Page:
Study Shows Switch to Salt Substitute Cuts Stroke, CVD

 

 

A new study  in the New England Journal of Medicine concluded  substituting table salt with a substitute that includes added potassium and reduced sodium could significantly reduce the number of deaths caused by heart attack and stroke. Salt substitutes with reduced sodium levels and increased potassium levels have been shown to lower blood pressure, but their effects on cardiovascular and safety outcomes are uncertain, reported in the abstract of the report by the New England Journal of Medicine.

A Salt Substitute and Stroke Study (SSaSS), an open-label, cluster-randomized trial conducted across 600 villages in rural China, the salt stand-in lowered the risk of stroke by 14%.

Those who participated in the study were given a salt substitute comprising of 75% sodium chloride and 25% potassium chloride, and the other half studies were told to keep using regular salt, which is 100% sodium chloride.

 

MedicalResearch.com interviewed Maoyi TIAN PhD, Program Head, Digital Health and Head, Injury & Trauma, Senior Research Fellow at The George Institute reported, There is clear evidence from the literature that sodium reduction or potassium supplementation can reduce blood pressure. Reduced blood pressure can also lead to a risk reduction for cardiovascular diseases. Salt substitute is a reduced sodium added potassium product combined those effects. Previous research of salt substitute focus on the blood pressure outcome. There is no evidence if salt substitute can reduce the risk of cardiovascular diseases or pre-mature death. This study provided a definitive evidence for this unaddressed question. Source: MedicalResearch.com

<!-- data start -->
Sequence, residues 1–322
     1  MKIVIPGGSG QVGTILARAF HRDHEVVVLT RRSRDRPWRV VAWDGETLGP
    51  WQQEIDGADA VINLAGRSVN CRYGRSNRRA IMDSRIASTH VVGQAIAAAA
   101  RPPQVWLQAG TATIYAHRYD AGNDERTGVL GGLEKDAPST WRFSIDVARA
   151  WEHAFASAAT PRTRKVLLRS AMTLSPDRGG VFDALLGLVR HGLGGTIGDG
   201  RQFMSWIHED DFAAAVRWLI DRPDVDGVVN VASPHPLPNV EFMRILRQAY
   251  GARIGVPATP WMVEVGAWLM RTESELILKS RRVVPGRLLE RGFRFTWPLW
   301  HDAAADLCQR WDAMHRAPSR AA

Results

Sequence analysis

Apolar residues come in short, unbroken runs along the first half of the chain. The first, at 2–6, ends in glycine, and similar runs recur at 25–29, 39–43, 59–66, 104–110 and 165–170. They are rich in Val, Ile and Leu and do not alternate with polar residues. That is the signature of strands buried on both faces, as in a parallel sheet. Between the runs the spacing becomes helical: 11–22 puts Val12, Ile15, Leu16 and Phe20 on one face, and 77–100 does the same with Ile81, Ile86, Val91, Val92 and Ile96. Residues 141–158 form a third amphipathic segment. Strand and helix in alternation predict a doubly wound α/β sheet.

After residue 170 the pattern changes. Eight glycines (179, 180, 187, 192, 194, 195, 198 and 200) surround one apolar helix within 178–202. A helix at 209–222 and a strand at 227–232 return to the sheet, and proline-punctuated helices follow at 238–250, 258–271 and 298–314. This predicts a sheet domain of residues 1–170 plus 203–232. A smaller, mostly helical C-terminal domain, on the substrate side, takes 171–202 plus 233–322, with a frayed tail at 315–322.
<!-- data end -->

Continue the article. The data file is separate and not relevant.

The key findings were:

The salt substitute reduced the risk of stroke by 14%

The salt substitute reduced the risk of major adverse cardiovascular events by 13%

The salt substitute reduced the risk of pre-mature death by 12%


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